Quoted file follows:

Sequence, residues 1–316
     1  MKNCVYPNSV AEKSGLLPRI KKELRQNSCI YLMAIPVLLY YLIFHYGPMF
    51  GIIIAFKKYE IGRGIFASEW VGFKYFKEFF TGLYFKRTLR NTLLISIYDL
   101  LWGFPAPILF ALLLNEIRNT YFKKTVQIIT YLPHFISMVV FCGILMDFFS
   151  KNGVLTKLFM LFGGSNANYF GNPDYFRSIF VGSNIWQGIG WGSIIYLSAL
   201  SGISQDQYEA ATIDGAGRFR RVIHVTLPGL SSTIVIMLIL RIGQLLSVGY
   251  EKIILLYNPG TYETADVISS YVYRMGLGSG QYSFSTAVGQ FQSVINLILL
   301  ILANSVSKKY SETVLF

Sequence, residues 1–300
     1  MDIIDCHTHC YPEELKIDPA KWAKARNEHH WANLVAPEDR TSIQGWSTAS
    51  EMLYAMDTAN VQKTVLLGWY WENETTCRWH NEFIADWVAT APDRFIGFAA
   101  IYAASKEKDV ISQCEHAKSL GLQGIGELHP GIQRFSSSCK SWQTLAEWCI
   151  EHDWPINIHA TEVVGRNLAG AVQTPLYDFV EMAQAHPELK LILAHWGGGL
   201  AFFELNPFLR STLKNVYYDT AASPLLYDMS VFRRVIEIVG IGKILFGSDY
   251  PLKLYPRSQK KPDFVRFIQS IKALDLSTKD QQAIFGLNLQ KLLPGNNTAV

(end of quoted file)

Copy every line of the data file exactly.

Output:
Sequence, residues 1–316
     1  MKNCVYPNSV AEKSGLLPRI KKELRQNSCI YLMAIPVLLY YLIFHYGPMF
    51  GIIIAFKKYE IGRGIFASEW VGFKYFKEFF TGLYFKRTLR NTLLISIYDL
   101  LWGFPAPILF ALLLNEIRNT YFKKTVQIIT YLPHFISMVV FCGILMDFFS
   151  KNGVLTKLFM LFGGSNANYF GNPDYFRSIF VGSNIWQGIG WGSIIYLSAL
   201  SGISQDQYEA ATIDGAGRFR RVIHVTLPGL SSTIVIMLIL RIGQLLSVGY
   251  EKIILLYNPG TYETADVISS YVYRMGLGSG QYSFSTAVGQ FQSVINLILL
   301  ILANSVSKKY SETVLF

Sequence, residues 1–300
     1  MDIIDCHTHC YPEELKIDPA KWAKARNEHH WANLVAPEDR TSIQGWSTAS
    51  EMLYAMDTAN VQKTVLLGWY WENETTCRWH NEFIADWVAT APDRFIGFAA
   101  IYAASKEKDV ISQCEHAKSL GLQGIGELHP GIQRFSSSCK SWQTLAEWCI
   151  EHDWPINIHA TEVVGRNLAG AVQTPLYDFV EMAQAHPELK LILAHWGGGL
   201  AFFELNPFLR STLKNVYYDT AASPLLYDMS VFRRVIEIVG IGKILFGSDY
   251  PLKLYPRSQK KPDFVRFIQS IKALDLSTKD QQAIFGLNLQ KLLPGNNTAV